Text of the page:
Antony and the Johnsons, the brainchild of Antony Hegarty, are ready to tug at more heartstrings. Swanlights, their fourth album, is the most ambitious and wide-ranging of their recent releases and follows only a year and a half after the critically acclaimed The Crying Light, which was comparatively more sparse (i.e. piano and vocals were the main focus). It’s also been five years since they took home the Mercury Prize for the stunning I Am A Bird Now and it would take a hell of a lot for him to top this breakthrough triumph. On this record, he comes mightily close.
Hegarty’s vocals might still divide opinion but those who love them will find something comforting about it as soon as they hit the play button and this time he’s assembled a much grander and rich sounding backing band, adding more layers of strings and percussion in the process. Swanlights, in general, is also a much more cohesive listen that is best experienced as a whole. Despite this there are moments that are worth singling out. You could argue about what the title ‘Salt Silver Oxygen’ means for all of eternity but when the song is so majestic and beautiful it doesn’t really matter. ‘The Spirit Was Gone’ is very fragile sounding and has some of the best string arrangements of the album and ‘The Great White Ocean’ is also equally touching.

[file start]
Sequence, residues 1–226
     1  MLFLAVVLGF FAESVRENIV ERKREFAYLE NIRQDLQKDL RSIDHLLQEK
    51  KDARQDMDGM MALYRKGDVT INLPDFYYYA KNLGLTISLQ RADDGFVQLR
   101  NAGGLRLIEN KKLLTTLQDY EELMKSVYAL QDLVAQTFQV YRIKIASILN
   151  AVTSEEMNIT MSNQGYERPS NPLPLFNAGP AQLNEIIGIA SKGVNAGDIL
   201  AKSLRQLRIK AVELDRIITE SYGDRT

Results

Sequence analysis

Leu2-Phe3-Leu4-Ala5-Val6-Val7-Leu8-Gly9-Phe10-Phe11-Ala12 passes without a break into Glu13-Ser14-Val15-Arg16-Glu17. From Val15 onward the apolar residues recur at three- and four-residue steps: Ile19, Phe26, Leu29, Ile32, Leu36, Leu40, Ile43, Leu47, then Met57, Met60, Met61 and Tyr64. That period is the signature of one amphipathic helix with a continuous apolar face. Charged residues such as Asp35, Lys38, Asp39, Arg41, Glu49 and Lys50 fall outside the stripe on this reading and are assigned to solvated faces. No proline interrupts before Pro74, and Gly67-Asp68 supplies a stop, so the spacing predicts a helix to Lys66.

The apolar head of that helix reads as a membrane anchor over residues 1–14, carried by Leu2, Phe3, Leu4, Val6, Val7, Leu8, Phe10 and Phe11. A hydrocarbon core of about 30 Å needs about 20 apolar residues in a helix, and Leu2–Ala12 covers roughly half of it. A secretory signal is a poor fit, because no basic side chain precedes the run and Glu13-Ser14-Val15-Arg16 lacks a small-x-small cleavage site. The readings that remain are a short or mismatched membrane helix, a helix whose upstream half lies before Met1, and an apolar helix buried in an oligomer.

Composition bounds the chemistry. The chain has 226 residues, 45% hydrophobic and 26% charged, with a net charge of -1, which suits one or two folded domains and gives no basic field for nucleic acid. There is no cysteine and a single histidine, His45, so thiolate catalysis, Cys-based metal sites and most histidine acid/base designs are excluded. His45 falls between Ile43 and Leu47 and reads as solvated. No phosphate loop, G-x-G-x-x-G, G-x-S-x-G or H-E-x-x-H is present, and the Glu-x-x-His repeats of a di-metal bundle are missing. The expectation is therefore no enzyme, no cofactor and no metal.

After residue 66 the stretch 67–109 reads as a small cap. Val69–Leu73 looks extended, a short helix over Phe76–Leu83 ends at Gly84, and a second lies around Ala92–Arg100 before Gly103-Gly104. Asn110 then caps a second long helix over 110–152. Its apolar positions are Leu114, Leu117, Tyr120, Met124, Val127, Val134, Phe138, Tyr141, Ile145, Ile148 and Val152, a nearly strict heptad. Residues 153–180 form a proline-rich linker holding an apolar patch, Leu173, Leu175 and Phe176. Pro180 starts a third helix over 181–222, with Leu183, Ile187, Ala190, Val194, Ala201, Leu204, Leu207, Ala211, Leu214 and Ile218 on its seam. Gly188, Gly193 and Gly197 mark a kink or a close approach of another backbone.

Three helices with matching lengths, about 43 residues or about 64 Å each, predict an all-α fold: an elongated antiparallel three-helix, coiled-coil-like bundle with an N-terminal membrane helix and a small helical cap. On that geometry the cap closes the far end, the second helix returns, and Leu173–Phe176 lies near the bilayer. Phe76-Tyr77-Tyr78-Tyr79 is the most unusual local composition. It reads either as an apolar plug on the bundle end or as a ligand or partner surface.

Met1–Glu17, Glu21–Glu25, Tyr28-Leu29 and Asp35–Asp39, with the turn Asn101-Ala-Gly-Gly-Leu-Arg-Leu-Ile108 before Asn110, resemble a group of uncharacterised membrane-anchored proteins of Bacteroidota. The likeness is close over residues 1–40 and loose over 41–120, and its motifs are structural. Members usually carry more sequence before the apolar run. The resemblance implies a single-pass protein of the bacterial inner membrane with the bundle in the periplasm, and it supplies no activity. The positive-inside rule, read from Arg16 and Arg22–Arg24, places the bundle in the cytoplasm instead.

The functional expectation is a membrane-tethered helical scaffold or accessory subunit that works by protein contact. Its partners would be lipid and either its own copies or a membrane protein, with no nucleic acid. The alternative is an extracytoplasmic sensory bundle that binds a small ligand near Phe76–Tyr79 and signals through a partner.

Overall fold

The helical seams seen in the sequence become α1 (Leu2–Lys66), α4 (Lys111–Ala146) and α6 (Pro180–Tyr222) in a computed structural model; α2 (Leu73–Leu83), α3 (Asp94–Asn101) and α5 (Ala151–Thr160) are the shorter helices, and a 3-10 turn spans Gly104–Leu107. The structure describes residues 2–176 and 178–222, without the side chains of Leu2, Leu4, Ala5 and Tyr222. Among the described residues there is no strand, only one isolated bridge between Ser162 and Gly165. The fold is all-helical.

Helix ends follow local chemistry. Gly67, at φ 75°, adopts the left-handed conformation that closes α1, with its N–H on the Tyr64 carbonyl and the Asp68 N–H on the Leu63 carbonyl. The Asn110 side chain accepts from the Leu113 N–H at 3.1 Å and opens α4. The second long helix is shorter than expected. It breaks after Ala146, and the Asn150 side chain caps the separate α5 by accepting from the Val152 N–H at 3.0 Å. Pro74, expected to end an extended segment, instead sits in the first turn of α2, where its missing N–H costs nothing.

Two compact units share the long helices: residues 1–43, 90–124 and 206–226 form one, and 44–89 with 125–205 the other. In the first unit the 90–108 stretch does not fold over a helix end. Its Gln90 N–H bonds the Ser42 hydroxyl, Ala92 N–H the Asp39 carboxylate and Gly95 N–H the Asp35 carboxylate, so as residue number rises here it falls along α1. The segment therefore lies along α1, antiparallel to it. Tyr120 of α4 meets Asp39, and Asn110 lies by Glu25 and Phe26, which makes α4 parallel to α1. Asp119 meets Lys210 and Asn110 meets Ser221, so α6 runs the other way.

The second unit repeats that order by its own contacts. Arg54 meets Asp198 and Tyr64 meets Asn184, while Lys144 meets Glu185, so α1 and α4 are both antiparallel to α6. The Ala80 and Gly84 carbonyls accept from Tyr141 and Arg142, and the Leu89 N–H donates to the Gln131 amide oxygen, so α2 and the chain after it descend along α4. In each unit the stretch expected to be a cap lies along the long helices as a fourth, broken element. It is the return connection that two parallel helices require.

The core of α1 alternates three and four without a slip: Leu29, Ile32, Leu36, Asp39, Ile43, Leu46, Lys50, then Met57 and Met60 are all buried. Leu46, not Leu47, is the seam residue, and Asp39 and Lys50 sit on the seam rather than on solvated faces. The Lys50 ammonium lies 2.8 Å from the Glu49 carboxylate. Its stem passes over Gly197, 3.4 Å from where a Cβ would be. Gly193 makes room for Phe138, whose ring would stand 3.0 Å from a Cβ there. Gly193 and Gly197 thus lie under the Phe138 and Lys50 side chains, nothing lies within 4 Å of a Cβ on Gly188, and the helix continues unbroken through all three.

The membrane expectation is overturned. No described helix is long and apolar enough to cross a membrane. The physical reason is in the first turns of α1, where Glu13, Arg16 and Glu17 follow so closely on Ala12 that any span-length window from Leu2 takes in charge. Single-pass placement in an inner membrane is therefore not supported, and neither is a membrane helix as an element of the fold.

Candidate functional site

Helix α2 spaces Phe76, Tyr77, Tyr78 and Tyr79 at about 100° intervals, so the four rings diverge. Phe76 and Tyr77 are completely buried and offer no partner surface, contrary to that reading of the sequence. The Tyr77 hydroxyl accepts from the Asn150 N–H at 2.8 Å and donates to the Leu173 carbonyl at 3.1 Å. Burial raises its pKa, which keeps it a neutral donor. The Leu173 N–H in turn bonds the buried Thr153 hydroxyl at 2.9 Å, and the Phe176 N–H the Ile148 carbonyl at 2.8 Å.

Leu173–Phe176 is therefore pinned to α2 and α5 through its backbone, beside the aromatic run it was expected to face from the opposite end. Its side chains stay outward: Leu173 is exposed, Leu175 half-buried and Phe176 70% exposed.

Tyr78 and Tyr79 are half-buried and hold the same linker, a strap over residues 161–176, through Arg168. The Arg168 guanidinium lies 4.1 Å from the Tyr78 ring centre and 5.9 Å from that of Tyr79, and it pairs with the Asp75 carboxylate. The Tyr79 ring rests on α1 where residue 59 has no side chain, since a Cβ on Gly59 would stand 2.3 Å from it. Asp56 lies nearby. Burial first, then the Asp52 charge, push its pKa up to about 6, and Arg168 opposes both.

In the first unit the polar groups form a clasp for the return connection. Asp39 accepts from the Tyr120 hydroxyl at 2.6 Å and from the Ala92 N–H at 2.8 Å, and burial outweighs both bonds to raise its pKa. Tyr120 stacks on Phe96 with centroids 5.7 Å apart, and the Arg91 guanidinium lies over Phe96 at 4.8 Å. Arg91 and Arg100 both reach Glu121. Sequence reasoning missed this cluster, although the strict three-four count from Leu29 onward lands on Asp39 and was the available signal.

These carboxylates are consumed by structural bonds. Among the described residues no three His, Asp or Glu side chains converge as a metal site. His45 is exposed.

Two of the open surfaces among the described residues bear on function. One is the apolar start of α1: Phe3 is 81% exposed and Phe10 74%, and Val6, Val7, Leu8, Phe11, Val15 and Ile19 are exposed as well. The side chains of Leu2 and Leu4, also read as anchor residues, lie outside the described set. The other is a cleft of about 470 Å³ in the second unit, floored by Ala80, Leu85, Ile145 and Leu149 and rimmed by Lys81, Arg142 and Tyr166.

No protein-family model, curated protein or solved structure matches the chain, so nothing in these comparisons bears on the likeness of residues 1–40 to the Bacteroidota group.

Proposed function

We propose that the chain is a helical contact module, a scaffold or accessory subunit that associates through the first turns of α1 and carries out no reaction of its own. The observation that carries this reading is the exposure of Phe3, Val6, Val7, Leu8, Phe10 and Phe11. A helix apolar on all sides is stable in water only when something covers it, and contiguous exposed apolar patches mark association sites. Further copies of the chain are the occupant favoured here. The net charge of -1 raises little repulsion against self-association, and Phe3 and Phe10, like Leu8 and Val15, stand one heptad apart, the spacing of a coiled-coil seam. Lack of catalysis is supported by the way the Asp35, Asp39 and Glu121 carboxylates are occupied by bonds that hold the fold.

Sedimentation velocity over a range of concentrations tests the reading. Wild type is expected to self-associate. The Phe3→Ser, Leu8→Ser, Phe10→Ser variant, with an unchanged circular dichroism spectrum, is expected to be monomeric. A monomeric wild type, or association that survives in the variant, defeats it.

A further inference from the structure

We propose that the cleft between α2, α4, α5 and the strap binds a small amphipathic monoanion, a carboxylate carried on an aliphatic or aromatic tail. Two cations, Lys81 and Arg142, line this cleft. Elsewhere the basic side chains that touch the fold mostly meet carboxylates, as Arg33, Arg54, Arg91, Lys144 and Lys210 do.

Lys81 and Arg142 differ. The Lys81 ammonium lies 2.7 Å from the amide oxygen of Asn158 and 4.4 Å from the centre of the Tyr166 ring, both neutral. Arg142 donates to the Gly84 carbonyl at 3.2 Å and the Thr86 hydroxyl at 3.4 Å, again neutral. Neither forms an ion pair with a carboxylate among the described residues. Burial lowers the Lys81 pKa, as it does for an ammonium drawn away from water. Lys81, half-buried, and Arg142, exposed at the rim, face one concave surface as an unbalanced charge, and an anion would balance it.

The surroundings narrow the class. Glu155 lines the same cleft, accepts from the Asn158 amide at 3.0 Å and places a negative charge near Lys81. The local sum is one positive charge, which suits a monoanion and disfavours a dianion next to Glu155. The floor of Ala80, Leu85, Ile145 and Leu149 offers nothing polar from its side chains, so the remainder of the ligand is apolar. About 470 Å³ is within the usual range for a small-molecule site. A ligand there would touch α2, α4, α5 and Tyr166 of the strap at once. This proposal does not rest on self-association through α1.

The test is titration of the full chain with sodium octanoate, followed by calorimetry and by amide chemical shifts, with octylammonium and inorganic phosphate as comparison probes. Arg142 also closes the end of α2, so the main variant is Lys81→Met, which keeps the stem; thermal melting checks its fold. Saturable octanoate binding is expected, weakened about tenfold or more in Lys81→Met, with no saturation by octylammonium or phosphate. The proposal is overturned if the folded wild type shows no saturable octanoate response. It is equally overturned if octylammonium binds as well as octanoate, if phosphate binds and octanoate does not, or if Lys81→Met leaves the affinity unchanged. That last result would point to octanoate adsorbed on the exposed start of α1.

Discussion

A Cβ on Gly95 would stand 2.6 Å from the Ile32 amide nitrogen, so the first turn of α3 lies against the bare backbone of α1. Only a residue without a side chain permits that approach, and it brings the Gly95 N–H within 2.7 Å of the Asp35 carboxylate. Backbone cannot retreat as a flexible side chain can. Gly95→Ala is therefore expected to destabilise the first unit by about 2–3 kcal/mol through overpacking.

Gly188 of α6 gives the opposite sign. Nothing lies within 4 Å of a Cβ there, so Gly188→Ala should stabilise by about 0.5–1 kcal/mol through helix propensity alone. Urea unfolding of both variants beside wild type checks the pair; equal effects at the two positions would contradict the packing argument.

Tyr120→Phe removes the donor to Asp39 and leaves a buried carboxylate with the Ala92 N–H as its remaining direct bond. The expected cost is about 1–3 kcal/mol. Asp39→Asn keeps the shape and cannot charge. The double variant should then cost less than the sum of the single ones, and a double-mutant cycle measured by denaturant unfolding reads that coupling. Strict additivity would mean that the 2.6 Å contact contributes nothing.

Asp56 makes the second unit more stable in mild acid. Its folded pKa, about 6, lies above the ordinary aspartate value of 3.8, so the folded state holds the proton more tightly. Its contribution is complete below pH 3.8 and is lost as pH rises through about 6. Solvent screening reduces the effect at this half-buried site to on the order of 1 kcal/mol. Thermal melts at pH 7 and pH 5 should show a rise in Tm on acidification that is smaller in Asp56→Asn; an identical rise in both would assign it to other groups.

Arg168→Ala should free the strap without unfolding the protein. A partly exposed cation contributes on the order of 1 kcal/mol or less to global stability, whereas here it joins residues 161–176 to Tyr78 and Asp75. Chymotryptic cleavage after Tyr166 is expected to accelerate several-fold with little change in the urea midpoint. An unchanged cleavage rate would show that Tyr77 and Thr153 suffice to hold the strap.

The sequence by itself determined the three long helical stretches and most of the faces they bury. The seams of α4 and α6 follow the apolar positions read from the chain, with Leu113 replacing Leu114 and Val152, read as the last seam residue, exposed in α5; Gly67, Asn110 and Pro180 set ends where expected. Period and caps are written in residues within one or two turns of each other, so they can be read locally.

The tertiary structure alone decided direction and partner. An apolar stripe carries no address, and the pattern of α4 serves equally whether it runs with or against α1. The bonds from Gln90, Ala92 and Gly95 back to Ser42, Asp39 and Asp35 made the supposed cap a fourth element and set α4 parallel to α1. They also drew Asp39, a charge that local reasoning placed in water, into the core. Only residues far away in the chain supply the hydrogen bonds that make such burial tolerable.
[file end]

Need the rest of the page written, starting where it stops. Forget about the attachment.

Some might grumble about the lack of dynamics that were so prominent in The Crying Light (and, in truth, it does lack a song like Kiss My Name that is urgent and direct) but Swanlights is a completely different beast; a much more measured and thought-out LP that demands a re-listen purely for its unrelenting beauty and poise.
Words: Max Raymond